|Name of walk||Five Fells and a Priest Hole|
|Date of walk||2008-04-02|
|Distance walked (miles)||8|
|Duration of walk||7 hours 30 minutes|
|Peaks on walk||High Hartstop Dodd, Little Hart Crag, Dove Crag, Hart Crag and Hartsop Above How|
|Walked with||Ged and blind Kas|
|Parking||Cow Bridge car park|
We walked along the path to the right of the river.
Brothers Water plus a scenic dead sheep on the right!
Hartsop Hall with High Hartsop Dodd behind.
You cross through to the farm and across the field and the steep route up comes into view.
Looking back to Brothers Water from the start of the crags.
Looking across to Red Screes. There is no summit marked for High Hartsop Dodd so we walked on up to Little Hart Crag.
You can look down the Scandale Valley towards Winderemere. Scandale Tarn in the foreground.
Ged and Kas by the summit cairn.
Looking across to Dove Crag.
Looking back to High Hartsop Dodd and Little Hart Crag.
Following the old fence line up to Dove Crag looking across to the long undulating ridge of Hartsop Above How, our route back. Ullswater in the distance..
Black clouds over Windermere and Coniston Water.
Summit of Dove Crag.
Route to Hart Crag, Fairfield behind..
Hart Crag summit.
Sunshine reflecting on Coniston Water.
Looking over to St. Sunday Crag.
The route down to Hartsop Above How is very awkward, a bit of a climb in places with some long drops over slippery rock. No wonder Wainwright says it shouldn`t be attempted in mist. Kas, being blind, found it very difficult especially as he isn`t good at going down at the best of times! We eventually made it to the ridge and could look over across the moraines at Dove Crag and the Priest`s hole. A close up photo. The Priest`s hole is to the left side of the Crag. It is a wide but squat. The route up can be made out once the cave entrance is located.
So we set off across the moraines and made our way up...a route not for those who don`t like either height or sheer drops!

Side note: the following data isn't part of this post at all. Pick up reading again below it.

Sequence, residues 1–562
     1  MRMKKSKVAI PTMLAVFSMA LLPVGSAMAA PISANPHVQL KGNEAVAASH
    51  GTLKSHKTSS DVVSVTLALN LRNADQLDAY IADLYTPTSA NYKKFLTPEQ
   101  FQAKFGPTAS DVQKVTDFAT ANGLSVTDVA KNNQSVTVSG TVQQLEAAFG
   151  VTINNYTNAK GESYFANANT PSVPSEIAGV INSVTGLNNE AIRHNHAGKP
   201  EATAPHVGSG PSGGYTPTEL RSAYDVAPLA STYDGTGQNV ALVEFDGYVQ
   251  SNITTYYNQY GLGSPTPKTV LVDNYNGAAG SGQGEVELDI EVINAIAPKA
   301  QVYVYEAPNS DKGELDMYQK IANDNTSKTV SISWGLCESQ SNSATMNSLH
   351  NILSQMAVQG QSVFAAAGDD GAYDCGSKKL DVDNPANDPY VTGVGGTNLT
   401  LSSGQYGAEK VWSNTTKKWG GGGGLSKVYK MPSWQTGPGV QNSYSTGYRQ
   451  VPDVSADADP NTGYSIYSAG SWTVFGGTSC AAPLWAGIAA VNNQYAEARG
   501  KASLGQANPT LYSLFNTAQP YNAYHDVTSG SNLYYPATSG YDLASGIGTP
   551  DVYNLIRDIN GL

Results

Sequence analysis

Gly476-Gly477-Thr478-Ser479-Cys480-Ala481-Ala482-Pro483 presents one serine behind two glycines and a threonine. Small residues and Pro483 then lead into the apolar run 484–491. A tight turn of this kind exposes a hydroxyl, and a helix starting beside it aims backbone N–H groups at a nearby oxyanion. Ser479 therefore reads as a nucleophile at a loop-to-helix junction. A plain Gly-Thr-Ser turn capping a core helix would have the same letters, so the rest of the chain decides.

Looking up to the Priest hole.
View out to the ridge of Hartsop Above How.
Ged and Kas finally arrive!
Inside is a box that contains a log book and supplies of food, drink etc for anyone in difficulty. There is a gas cooker and loads of candles. Quite a home from home! People often camp out here. A bit cold at this time of year. It was three O`clock so time for lunch!
Ged was very happy with this detour as he didn`t even know this Priest hole existed and he has been fell walking for over 50 years!! So much for the "old dog, new tricks" saying!
Looking to St. Sunday Crag.
It you do stay the night, best not be prone to sleep walking as this is the view down!!!!!
Looking down the Dovedale valley.
After a bite to eat we made our way back down. Ged and Kas carefully negotiating the path.
We crossed back over the moraines and up on the the ridge of Hartsop Above How. It goes up and down so much it is difficult to tell where the summit was. We found a cairn that seemed to mark the highest place.
It was quite boggy in places causing a few detours. On the left the dark fell is Place Fell.
Looking over to our route up High Hartsop Dodd.
The beginnings of the Deepdale Valley.
The sun was now out and it was warm, time for a breather!
Looking over at Caudale Head.
Brothers Water and High Hartsop.
Looking back up the Kirkstone Pass.
We headed back down the fell taking the route off right over a stile and evenually coming through the woods to end up exactly where we had started. The walk had taken seven and a half hours and was about eight miles. We stopped off for a drink at the Kirkstone Inn, the highest Pub in Cumbria at 1480ft.
We also stopped off at Jesus Church, Troutbeck which has a wonderful display of Daffodils.
The weather turned out to be very good in the end, so much for forecasts!